Life at the Lake

a diary of living at a small lowland lake


Early moonrise over Lake Ketchum

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Biff and Cate, more cold than affectionate, in this picture


For more than twenty years now I have been raised and trained by Labrador Retrievers.

The first was Sam, who I found as a frightened pup in the wild reaches of the Sauk River, in the early 1980s. Apparently his owner took him on field trails at a too early age, and someone shot over him and he spooked, panicked, and took off. I found him a couple of days later and spent a full hour trying to gain his confidence.

I failed, but succeeded in managing to catch him and toss him into my car. I have written about this in my first book, Steelhead Water, which my publisher tells me is still in print and selling steadily, ten years later. Frank is different from other publishers in that he doesn't clear off his warehouse shelves after a year or two and remainder his books; he hangs in there and is satisfied to sell a small number each year. And as I writer I am grateful to him for this, even though he pays a smaller royalty than other publishers. He explains that this is why.

Another reason is because, like all publishers, he is stingy. But I digress.

The two wild animals pictured above are Biff and Cate, brother and sister, who have been in charge of my training for the past six years. B(orn in November, Sagittarians all, we celebrate the same birthdate.) They have taught me to hit tennis balls for them (they disdain sticks and ask, plaintively, "What's this thing?) daily. They have precise built-in time tables and demand to do the same things each day at the exact same time. I oblige. After all, I am a well-trained human. Before them came a pair of widely spaced out German Shepherds who led me to vow, "Never again."

A two-mile walk at noon, tennis ball at 2:30, dinner at four (these are short, winter days), a brief constitutional around nine-thirty at night, and bed in their kennel an hour or so later. That comprises their day, and mine. Given this, they will be sleeping bystanders while I read, work at my computer, post, paint, and watch a little evening TV.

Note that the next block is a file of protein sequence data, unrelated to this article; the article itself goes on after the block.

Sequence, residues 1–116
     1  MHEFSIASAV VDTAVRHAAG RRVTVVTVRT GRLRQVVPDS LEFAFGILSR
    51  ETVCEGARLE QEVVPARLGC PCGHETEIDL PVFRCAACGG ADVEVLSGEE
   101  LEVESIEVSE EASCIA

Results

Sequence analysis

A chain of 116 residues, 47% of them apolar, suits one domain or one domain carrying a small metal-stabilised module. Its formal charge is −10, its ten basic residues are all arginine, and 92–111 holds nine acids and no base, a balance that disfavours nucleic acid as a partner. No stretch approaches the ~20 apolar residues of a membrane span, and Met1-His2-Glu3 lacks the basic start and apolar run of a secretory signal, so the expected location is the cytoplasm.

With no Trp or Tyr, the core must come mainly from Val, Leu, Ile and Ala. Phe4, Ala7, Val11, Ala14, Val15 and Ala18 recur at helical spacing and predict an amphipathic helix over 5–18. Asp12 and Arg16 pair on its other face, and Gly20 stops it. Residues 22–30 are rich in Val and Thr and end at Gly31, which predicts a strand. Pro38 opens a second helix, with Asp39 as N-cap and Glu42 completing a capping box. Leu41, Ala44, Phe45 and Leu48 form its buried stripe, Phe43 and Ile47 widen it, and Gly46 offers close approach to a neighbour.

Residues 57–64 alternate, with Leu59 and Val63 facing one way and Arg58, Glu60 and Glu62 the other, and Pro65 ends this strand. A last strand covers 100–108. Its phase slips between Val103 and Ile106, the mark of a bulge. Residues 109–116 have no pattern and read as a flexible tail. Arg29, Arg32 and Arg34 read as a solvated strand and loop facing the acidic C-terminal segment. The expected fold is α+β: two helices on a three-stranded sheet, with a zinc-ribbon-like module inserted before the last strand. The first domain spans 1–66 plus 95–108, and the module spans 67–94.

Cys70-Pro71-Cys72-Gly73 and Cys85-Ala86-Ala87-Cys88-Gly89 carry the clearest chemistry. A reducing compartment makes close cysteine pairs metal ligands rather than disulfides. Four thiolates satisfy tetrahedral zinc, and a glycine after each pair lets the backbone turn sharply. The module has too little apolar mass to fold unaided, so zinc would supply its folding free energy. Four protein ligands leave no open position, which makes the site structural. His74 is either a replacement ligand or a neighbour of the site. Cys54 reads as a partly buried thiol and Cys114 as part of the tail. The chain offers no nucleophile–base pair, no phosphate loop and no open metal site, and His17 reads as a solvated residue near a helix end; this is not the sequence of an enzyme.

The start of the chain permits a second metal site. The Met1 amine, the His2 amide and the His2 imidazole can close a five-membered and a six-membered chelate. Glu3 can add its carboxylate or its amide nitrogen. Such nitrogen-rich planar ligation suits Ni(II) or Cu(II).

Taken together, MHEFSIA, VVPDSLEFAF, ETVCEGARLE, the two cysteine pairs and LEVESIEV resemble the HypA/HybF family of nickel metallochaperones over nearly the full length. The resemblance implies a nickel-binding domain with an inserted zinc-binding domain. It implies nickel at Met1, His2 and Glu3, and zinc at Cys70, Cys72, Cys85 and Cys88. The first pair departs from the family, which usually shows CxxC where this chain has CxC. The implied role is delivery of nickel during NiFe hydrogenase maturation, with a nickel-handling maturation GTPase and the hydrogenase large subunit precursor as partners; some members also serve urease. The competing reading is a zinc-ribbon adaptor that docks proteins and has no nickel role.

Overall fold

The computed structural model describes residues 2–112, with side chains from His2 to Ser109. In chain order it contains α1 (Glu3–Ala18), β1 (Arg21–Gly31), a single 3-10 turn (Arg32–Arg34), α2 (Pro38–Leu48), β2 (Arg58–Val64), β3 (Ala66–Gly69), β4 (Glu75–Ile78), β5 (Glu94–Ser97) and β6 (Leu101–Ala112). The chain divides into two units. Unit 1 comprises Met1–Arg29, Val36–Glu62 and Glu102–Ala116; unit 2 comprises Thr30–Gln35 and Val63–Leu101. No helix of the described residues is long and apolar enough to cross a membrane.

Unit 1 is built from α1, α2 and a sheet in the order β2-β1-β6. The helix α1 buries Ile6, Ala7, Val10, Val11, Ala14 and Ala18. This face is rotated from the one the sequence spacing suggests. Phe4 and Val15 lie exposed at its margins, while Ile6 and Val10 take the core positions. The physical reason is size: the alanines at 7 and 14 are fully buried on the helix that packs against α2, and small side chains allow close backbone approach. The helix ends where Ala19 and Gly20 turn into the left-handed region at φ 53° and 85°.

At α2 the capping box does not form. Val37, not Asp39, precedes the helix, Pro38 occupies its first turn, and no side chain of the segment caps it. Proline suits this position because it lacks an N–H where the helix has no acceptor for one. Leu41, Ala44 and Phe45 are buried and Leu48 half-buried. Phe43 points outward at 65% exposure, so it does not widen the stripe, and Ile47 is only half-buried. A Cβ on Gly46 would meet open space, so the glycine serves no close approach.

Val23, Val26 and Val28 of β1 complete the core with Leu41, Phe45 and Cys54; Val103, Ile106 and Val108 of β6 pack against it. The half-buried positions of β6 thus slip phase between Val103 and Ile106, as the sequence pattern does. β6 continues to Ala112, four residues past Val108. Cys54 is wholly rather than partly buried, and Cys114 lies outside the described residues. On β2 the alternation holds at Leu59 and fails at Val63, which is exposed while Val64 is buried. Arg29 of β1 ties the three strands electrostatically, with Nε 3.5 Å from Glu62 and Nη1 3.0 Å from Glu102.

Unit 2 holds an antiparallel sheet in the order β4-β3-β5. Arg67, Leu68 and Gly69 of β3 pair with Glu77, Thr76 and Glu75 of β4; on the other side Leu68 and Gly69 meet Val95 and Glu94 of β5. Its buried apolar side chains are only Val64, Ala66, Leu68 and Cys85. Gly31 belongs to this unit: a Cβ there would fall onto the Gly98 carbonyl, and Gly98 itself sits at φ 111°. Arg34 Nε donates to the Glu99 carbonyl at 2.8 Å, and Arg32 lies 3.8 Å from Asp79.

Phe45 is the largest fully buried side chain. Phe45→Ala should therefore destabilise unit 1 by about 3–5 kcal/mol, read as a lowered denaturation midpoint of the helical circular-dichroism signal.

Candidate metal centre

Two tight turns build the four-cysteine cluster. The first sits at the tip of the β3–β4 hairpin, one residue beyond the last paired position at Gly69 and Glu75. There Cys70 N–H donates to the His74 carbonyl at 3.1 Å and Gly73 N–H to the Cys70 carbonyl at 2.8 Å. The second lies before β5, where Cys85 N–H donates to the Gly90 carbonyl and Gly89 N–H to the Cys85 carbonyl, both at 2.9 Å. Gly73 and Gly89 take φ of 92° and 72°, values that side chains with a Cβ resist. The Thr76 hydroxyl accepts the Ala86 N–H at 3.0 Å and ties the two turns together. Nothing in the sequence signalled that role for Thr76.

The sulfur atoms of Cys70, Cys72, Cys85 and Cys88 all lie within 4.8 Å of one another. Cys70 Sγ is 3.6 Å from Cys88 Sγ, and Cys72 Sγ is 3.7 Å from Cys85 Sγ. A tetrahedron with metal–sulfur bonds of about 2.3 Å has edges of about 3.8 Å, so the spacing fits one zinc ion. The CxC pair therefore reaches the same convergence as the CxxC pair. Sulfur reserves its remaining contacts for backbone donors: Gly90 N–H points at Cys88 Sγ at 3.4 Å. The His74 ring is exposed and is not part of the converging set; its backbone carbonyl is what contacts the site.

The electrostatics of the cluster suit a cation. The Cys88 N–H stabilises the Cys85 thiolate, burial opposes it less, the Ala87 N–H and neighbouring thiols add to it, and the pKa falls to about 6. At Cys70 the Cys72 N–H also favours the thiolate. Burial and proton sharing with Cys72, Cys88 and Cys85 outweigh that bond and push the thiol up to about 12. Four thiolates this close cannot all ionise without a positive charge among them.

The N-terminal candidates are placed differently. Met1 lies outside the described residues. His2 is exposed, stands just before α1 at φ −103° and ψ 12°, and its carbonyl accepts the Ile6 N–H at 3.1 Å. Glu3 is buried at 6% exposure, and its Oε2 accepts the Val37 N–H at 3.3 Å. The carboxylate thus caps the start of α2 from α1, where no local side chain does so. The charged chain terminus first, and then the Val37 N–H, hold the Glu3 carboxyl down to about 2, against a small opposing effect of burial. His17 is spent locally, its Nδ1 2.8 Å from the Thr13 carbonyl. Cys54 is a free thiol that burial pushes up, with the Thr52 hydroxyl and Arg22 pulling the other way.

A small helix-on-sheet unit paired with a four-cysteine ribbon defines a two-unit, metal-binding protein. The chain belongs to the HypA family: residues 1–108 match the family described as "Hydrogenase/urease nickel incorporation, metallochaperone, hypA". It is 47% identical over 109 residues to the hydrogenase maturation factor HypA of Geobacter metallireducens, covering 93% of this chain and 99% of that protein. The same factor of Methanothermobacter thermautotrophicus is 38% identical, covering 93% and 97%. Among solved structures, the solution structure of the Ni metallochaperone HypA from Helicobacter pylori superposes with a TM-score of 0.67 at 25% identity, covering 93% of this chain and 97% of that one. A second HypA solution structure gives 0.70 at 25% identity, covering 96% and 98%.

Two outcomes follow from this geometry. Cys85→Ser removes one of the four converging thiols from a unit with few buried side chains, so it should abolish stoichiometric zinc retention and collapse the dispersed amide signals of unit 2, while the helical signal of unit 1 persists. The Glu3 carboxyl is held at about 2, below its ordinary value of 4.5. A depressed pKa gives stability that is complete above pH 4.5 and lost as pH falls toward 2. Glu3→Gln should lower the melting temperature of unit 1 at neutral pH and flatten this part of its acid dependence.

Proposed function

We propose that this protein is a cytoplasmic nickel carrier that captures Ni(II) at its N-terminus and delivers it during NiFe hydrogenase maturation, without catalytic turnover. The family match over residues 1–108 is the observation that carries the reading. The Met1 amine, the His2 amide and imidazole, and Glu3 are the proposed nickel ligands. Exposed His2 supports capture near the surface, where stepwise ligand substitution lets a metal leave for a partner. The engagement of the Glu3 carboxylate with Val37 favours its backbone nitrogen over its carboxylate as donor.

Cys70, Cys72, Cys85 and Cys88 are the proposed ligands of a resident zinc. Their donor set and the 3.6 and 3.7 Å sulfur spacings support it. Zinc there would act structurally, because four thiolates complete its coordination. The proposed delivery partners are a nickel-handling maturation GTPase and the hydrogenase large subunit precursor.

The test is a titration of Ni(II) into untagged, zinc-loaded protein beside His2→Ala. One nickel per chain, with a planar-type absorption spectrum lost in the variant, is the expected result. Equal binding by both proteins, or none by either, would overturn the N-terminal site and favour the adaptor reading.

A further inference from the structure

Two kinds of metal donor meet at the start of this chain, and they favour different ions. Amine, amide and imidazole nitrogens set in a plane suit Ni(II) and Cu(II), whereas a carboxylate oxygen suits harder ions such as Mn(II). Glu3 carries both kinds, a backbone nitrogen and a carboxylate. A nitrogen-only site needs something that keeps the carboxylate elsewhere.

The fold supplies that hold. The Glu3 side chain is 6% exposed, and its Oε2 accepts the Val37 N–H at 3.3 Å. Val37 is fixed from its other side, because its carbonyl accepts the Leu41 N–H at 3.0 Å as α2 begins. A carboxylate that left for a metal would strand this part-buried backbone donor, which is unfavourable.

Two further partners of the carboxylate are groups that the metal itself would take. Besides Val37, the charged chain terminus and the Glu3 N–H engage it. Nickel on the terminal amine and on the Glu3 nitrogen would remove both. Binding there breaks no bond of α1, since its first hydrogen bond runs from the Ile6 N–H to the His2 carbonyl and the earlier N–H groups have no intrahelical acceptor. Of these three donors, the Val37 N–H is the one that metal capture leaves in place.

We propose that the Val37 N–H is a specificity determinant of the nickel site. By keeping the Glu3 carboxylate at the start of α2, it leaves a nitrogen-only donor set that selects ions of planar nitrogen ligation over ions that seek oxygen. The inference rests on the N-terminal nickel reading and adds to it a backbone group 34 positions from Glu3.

There are worse fates, I am well aware.

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Sunset over my winter lake


Ever notice how all the Kleenex tissue boxes in the house go empty at once?

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Double-crested cormorant sitting, minding his own business, thinking about fish.



The cormorants are eating all my trout!


Sure. These were the fish I was intently catching and releasing last summer, taking pride in how they were growing—about an inch a month, until the cold weather shut down their feeding mechanisms for the winter and they became nearly dormant.

Now these double-crested birds are arriving daily in increasing numbers. And what efficient fishers they are! They are gobbling down trout and perch and small bass by the hundreds, I'd "guestimate."


Of course they're mine. No, I didn't need or want them to eat (unlike the cormorants) and they provided me with sport only. (Once an Indian at a meeting told me, in regard to catch-and-release fishing, "We don't play with our food." The dig stuck like a knife and I was forced, on the spot, to reevaluate what I was doing, but kept on doing it, all the same, only now, with guilt.)

The lake is carrying a sizable population of common mergansers, as well. Often the mergansers and the cormorants seemingly fish together, or so it appears because they are in each other's company and dive synchronously. They fish together, forming as it were a living net. And so often they as individuals do not get a fish and so must dive and dive again. Or else they will starve.

But back to my case. If the fish-eating ducks eat my fish, what am I to do? For sport? I mean, this too is my way of life.

Why is it, then, my arguments fail to convince even me, their originator? Could it be that I am . . . wrong?

Never, never.

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So they got the scruffy bastid? Looks like him


First, we sent troops into Afghanistan to find Osama Bin Laden, whom we believed to be behind the 9/11 terrorist attacks. We haven't found him, years later. Then we invaded Iraq, looking for weapons of mass destruction (of which none were found), but more likely to capture and depose Hussein Saddam. And a couple of days ago we did both.

But the war has continued since officially declared over, we the purported victor. American and collation troops die nearly every day. With the capture and subsequent trial and execution (we presume) of Saddam pending, the fighting ought to stop. Right? And if it doesn't, if our presence is commonly resisted by any normal Iraqi, and we still don't get out by the targeted June date, or much earlier, with a rocky representative government tentatively in place, what then?

Then we'll know it was all about oil.

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